What has been your inspiration for your latest book ‘Goddess’?
I've always been a little obsessed with the legend that Britain was founded by an exiled Prince of Troy, Brutus. So I decided to treat it as historical fact, and imagine an alternate modern Britain that still worships the Ancient Greek Gods.
I started the story just as the economic crisis was beginning to bite in Europe, and Greece in particular looked about to implode. It made me wonder how Britain would cope if faced with similar economic meltdown – the strikes, the riots, mass unemployment, the rise of the far-right… It’s in times like these that people often turn to religion. So my heroine Aura, having lived a very sheltered life as a priestess of the Cult of Artemis, finds herself a figure head for popular protest when she starts receiving prophetic visions from the goddess. However, in the Greek myths Artemis comes across as a bit of a bitch. It's not long before Aura realises that becoming the goddess's representative on earth is less of a gift, more a demonic possession…
Is being an author all you expected it to be?
It's both great fun and hard work, which I was prepared for. But I do think I underestimated how isolating writing is. When you're stuck or hit a bad patch, it can be really lonely! Thankfully I've joined some online writers' groups. We meet up IRL too, to moan about deadlines and throw ideas around. Or just eat cake and gossip, ahem.
What advice would you give to a young author?
Aim to write something every day, even if it’s just brain-storming. Writing needs to be as natural a part of your routine as brushing your teeth. If you’re not sure what you want to write about, or don’t feel quite ready for it, start by keeping a journal. This will get you into the writing habit and is great training for putting thoughts into words, or capturing a special moment or feeling. Oh, and read, of course - LOTS. Don't be too picky. Try a bit of everything!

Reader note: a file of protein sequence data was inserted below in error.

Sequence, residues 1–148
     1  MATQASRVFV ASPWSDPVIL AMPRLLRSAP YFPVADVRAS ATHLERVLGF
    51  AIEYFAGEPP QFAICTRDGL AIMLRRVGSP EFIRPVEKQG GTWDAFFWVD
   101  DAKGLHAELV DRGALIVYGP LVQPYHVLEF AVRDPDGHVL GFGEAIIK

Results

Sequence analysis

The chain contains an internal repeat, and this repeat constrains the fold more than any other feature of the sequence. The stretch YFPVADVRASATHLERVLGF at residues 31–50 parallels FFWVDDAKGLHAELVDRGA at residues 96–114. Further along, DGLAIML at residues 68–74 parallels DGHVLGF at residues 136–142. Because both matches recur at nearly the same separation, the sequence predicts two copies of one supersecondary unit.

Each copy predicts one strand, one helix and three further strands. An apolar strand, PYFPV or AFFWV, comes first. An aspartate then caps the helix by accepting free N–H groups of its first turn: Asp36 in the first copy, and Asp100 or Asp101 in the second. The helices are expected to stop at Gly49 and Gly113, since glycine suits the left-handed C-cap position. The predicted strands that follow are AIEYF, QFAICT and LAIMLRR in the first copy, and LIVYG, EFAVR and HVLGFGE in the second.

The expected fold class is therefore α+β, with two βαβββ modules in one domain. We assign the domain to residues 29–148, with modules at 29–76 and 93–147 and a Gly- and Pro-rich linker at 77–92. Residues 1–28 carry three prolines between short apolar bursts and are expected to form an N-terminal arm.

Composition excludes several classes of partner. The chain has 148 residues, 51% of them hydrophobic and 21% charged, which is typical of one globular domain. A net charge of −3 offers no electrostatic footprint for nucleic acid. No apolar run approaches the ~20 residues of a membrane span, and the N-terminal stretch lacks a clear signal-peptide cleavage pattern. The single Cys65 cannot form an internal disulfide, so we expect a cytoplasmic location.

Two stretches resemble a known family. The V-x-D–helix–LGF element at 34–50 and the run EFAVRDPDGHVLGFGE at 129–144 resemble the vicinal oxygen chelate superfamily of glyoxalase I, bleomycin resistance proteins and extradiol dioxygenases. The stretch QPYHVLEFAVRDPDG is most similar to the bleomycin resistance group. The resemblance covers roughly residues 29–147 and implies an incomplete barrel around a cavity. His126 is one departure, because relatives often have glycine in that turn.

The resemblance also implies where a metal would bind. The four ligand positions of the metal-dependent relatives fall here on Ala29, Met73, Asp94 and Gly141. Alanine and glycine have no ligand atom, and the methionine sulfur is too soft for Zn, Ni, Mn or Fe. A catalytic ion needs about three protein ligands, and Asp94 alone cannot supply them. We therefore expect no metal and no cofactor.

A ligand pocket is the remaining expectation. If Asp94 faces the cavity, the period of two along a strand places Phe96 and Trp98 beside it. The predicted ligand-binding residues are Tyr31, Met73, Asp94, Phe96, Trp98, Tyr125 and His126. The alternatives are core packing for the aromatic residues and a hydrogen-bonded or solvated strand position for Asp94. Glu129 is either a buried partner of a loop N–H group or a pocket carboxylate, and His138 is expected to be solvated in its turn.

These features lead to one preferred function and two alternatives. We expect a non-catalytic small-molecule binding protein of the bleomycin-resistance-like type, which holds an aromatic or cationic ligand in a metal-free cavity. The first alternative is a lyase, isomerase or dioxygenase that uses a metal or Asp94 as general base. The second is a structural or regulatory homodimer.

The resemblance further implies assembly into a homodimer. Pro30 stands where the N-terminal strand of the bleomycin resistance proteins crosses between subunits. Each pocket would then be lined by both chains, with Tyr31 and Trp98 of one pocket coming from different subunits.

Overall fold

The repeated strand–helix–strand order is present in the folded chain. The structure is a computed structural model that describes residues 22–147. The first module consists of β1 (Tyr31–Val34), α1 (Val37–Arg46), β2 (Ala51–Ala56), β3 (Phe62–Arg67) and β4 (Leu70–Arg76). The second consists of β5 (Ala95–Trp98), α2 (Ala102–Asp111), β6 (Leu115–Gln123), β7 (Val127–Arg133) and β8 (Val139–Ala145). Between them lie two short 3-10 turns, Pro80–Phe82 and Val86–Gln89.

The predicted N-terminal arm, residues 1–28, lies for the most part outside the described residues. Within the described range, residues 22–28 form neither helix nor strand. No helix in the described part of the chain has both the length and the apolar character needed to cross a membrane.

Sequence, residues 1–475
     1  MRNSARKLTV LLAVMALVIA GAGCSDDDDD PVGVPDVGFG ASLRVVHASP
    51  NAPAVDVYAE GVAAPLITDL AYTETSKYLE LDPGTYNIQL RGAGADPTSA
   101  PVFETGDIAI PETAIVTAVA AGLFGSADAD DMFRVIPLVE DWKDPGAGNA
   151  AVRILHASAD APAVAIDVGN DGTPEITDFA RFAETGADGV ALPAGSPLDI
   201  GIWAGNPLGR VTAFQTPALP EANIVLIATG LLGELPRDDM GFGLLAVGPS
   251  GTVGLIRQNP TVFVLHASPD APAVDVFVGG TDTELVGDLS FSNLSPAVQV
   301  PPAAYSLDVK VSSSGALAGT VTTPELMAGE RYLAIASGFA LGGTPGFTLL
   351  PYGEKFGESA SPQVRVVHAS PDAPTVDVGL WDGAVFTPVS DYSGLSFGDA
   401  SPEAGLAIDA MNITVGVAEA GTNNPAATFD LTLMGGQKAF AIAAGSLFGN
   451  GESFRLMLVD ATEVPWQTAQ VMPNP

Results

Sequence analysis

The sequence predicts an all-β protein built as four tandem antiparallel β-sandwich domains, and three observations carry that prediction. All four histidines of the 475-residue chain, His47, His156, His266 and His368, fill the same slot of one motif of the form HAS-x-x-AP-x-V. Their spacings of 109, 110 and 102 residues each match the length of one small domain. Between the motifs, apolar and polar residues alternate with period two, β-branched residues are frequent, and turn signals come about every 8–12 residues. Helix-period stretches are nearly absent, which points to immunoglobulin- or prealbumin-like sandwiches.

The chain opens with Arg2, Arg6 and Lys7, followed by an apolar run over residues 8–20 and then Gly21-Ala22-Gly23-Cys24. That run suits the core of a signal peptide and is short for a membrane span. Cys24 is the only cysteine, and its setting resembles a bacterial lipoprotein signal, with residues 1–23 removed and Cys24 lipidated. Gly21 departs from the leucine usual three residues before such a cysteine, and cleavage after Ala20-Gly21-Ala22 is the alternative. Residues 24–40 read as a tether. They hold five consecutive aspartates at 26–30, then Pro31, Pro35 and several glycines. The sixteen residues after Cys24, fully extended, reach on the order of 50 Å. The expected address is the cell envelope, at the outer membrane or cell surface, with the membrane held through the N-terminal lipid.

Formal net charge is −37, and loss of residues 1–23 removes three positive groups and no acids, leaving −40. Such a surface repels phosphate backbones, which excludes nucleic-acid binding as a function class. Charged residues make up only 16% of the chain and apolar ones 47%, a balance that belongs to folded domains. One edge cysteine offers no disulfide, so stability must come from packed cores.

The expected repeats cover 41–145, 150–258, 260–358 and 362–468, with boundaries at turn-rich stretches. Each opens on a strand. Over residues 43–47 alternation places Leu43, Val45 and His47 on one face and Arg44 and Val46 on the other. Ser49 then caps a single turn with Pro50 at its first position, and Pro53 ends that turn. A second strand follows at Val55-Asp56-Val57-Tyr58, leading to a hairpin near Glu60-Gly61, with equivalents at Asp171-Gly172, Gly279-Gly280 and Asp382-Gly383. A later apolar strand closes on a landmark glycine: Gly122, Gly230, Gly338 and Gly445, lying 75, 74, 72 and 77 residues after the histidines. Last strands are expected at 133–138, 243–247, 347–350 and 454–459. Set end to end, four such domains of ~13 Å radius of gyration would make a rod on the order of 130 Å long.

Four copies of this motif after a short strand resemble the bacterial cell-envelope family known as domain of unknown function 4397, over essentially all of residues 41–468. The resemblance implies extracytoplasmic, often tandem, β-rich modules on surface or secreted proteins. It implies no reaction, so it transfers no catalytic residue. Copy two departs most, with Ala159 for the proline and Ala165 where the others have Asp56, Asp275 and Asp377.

Are any of the characters in your series based on anyone you know or have known?
Little bits of people I've met and conversations I've had do creep into my writing from time to time. Usually it's not deliberate, and the references are so tiny nobody could possibly recognise themselves. It's much more fun to create characters out of thin air, anyway, since they tend to take a life of their own as the story progresses.
Do you think you will ever become a full time author and leave your job at the English National Ballet?
I find it hard to imagine, because I'd get slightly depressed if I didn't spend at least some of my working day with real people rather than imaginary ones. Plus, ballet is one of my all time favourite things. I find it hugely stimulating just being in the same building as all these amazingly talented dancers, choreographers, costume designers and musicians and so on. (They even let me try on a tutu once. Definitely a career high.)
Are you reading a book at the moment? If so what?
I was obsessed by "Flambards" when I was a teenager and one of my writer friends recommended another K.M. Peyton YA novel called "Pennington's Seventeenth Summer". The main character's a dreamboat badboy and musical genius, so that's me happy. I've also started a book called "Stoner" by John Williams, because it said on the cover "the best novel you've never read". I'm a sucker for a good shout-line.
Who is your all time favourite author and why?
Argh. The most UNFAIR QUESTION in the world! I will have to give you a list: Jane Austen for her sharpness and psychological brilliance, Mary Renault for making me fall in love with the Classical World, Margaret Atwood because she's dazzling at everything she turns her hand to, John Masefield for writing my favourite children's book, "The Midnight Folk", and Catherine Fisher and Maggie Stievater for page-turning, heart-melting excitement.
Do you have any hobbies that don’t involve reading, writing or drawing?
Ballet, ballet, ballet! I also love baking, and brownie recipes in particular. My two current favourites are cardamom and pistachio brownies, and sea salt and lime "margerita" brownies. Mmmm. I also do a lot of swimming, and walking in the Welsh countryside. Very good for the soul (and for counterbalancing the effect of all that baking.)
What are your plans/hopes for the future in your career as an author?
Obviously I'd love to be an international superstar mega-seller - who wouldn't? - but in the meantime I always hope that each new book is better than the last. Oh, and some time I'd like to write a really dark boarding school book. For some reason, although I've got lots of ideas about it, they haven't yet come together. One day!
To find out more about Laura's new book 'Goddess' please visit www.bloomsbury.com.